A hot area of research in the last few years proves that the micro-organisms in our gut can affect everything from our mood to immune system function. Find out here how to boost your overall health easily through gut health management.
What is the gut microbiome?
Your gut microbiome is the collection of micro-organisms, including bacteria, fungi and protozoa, that live in your gastrointestinal tract. There are around 100 trillion of these inside your gut right at this moment. That’s ten times more than there are human cells in your entire body! Think of it as a delicately balanced eco-system living within you. It can keep you healthy when the balance is maintained or make you sick when it goes off kilter.
Evolving alongside us over millions of years, we have come to rely on our intestinal flora for many vital bodily functions. There are micro-organisms that create fatty acids used to regulate hormone production, appetite, and blood sugar levels. Thereby reducing our risk of experiencing low energy, getting type 2 diabetes and suffering from colonic cancer.
There are micro-organisms that make essential vitamins for us, like the B vitamins and Vitamin K. As well as micro-organisms that are linked with lower levels of stress and greater emotional stability. Conversely, there are micro-organisms that are associated with speedier furring of our arteries and increased risk of heart disease and stroke. Getting the right balance in your gut flora, then, is all-important to ensuring optimum health.
How do I get a healthy microbiome?
So, what constitutes a healthy microbiome and how do you get one? In a nutshell, a healthy microbiome is a diverse microbiome that has lots of different kinds of micro-organisms living in harmony without just one or two types playing the tyrant. By far the easiest and most effective way to ensure that this happens is through your diet.
You see, the food that we eat isn’t just feeding us, it is feeding our gut flora too. And, since different types of micro-organisms thrive on different types of food, we can boost or shrink the numbers of individual types of gut bacteria with what we choose to put into our mouths.
Generally, eating a varied diet with lots of different types of plant matter and dietary fibre supports diversity and has positive health benefits, while feasting on large amounts of saturated fat, protein and sugar creates an imbalance which can lead to illness.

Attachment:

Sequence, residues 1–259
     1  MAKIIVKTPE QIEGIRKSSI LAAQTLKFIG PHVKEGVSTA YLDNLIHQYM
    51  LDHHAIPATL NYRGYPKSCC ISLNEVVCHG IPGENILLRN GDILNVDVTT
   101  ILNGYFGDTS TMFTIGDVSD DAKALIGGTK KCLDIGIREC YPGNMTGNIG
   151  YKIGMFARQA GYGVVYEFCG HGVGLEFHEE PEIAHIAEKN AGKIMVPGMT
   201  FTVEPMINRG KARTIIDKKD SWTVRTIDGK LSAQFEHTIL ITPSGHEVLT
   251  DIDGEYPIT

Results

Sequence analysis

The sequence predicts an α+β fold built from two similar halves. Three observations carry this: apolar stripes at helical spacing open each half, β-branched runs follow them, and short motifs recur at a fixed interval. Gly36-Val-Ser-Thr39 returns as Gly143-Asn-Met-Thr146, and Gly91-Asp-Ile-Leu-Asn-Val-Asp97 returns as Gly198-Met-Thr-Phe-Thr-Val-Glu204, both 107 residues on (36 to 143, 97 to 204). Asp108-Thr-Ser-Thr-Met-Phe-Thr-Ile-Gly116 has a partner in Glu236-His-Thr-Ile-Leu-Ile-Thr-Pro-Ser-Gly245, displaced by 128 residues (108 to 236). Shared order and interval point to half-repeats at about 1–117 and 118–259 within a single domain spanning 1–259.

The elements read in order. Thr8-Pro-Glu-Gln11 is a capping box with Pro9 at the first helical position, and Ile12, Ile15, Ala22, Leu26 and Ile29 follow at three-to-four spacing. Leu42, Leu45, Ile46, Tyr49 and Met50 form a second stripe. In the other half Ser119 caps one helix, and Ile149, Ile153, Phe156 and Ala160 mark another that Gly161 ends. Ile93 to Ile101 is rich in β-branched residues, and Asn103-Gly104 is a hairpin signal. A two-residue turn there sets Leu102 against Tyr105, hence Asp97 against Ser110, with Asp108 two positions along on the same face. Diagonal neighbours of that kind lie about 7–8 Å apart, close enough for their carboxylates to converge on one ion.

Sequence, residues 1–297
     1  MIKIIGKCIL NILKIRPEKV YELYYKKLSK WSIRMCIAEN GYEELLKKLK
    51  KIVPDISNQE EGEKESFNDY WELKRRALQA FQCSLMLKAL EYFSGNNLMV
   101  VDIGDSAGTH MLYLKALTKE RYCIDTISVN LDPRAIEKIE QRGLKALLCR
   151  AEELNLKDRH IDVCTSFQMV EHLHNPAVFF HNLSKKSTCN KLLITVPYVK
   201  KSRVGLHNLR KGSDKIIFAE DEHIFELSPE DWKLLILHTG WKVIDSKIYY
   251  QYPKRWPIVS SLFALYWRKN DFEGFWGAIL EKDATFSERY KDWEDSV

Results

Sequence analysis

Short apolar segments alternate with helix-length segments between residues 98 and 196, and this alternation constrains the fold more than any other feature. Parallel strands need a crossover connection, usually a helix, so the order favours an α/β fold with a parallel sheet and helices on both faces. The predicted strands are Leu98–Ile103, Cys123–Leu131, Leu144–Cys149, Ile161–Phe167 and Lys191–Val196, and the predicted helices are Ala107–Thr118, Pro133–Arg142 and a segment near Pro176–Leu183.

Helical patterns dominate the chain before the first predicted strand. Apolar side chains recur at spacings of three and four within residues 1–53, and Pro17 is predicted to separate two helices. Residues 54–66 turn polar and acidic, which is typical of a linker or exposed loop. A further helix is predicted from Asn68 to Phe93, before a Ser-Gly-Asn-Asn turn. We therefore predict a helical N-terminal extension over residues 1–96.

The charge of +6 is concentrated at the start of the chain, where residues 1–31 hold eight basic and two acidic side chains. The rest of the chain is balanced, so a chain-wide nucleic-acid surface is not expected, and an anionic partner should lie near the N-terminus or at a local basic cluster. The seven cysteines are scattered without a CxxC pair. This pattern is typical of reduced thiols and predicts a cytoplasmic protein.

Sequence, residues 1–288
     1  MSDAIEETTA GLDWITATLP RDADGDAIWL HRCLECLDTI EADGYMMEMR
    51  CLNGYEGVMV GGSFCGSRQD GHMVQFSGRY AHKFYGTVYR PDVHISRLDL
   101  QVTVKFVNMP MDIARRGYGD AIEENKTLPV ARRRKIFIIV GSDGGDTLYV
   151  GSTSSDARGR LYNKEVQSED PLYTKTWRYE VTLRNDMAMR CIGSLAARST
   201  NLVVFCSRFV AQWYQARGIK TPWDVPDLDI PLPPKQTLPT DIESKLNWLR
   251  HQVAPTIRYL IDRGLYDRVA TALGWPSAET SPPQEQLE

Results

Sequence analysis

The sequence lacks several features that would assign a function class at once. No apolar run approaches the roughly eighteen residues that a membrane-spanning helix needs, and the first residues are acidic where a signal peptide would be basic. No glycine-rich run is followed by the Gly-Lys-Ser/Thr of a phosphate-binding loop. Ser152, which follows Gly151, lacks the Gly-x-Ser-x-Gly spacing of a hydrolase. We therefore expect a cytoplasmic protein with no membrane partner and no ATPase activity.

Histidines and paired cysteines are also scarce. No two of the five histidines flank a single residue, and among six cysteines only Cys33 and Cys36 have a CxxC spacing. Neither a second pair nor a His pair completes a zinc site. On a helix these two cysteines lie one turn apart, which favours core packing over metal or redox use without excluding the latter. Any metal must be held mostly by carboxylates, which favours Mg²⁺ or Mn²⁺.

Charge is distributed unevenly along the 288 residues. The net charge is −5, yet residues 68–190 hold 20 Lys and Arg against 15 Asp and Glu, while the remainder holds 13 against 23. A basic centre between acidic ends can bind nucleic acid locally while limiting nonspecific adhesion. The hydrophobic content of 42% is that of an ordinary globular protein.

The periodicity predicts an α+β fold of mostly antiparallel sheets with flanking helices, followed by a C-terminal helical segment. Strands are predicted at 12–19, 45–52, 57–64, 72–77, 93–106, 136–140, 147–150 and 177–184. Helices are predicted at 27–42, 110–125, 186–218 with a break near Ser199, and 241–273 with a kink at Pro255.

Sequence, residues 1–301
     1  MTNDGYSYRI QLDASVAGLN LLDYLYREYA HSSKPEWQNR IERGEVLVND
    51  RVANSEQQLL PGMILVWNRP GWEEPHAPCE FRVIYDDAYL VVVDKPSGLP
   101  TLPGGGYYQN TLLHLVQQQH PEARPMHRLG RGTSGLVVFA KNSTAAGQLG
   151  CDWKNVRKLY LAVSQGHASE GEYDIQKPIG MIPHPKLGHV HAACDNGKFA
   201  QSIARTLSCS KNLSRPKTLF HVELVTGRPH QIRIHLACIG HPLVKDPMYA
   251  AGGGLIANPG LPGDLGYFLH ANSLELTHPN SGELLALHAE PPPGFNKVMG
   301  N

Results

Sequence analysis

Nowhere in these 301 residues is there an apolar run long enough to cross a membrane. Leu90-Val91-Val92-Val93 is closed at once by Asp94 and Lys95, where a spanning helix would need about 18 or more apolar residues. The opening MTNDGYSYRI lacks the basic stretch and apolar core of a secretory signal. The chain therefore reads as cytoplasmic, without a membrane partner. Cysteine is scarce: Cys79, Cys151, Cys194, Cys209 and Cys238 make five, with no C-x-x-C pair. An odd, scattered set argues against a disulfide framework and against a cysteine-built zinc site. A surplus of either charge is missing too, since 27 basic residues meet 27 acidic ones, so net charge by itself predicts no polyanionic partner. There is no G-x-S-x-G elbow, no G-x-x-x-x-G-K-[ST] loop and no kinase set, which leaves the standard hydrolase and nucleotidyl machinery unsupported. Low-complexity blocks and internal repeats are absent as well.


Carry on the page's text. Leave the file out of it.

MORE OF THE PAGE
How to grow your own for greater gut health
With this in mind, let’s think about how growing your own can support you in your efforts to create a diverse microbiome which benefits your overall health.
Stock up on Plants
First, you will need a ready supply of plants. If you want a harmonious microbiome then there are no two ways about it – you need to eat lots of plants. And what better way to ensure that you eat lots of plants than to grow your own so that there’s always a ready supply on your doorstep? The fantastic news is that you can start planning at any time of the year.
Second, growing your own can be a great way to increase variety in your and your family’s diet. Whereas your local supermarket is likely to stock the same limited range of common fruits and vegetables throughout the year, you’ve got the choice to try some more diverse options. Growing your own is an easy way to expand your diet to include varieties that you won’t otherwise find in the shops.
For maximum variety, you could also swap produce with willing allotment keepers and neighbours so that a few of your cape gooseberries are exchanged for some of their boysenberries, your yellow courgettes for their edemame beans and so on. If you’re new to allotment keeping, you’ll find that seasoned grow your owners are often open to deals like these. When you get good at it, you can often end up with a glut of produce that you’re only too happy to share, especially if you get something delicious back in return.
If you’re not sure what to grow for good gut health, go by colour – different colours in fruits and vegetables indicate the presence of different compounds, And these, in turn, feed different types of micro-organisms in your gut. This is a great strategy for young children as well – grow, and then challenge them to eat an entire rainbow of colours every day.
For those of us with fussy eaters, you may also be interested to know that research by Cornell University shows that kids are more likely to eat their food when they’ve got 6 different colours on their plate. So, this approach is great for getting them to eat in a way that ensures good balance in their gut bacteria.
With a healthy gut microbiome playing such a huge role in our health, growing your own bumper crop of unusual plant varieties is not only a fun pastime, but also an excellent way to maximise wellbeing. Get growing your own today!
David Domoney is a Chartered Horticulturalist, Broadcaster, and Author. David has worked with a number of the UK’s leading garden retailers as a plant buyer and strategic consultant. With more than 30 years experience, in horticulture, David is as passionate about plants now as he was when he bought his first plant at a village fete.
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